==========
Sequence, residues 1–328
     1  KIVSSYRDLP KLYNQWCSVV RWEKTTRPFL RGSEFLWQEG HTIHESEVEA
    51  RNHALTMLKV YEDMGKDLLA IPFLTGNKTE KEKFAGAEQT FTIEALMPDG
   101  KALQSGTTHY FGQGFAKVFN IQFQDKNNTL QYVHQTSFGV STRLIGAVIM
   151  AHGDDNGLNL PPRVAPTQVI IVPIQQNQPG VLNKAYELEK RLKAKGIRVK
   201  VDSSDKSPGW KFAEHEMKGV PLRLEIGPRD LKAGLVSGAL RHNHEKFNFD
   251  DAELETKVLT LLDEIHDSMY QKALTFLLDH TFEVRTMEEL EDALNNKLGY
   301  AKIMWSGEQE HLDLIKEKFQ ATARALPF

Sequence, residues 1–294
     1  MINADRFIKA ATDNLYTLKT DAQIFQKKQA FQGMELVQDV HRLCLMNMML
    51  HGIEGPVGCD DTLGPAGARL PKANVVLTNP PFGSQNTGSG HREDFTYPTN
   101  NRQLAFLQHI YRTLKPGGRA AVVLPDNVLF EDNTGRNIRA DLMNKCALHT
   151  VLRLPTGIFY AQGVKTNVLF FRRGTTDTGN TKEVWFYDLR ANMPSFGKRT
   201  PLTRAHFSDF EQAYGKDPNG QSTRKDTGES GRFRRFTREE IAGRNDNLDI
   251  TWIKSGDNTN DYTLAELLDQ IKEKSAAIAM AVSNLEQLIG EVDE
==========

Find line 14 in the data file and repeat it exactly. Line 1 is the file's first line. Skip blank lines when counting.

   201  PLTRAHFSDF EQAYGKDPNG QSTRKDTGES GRFRRFTREE IAGRNDNLDI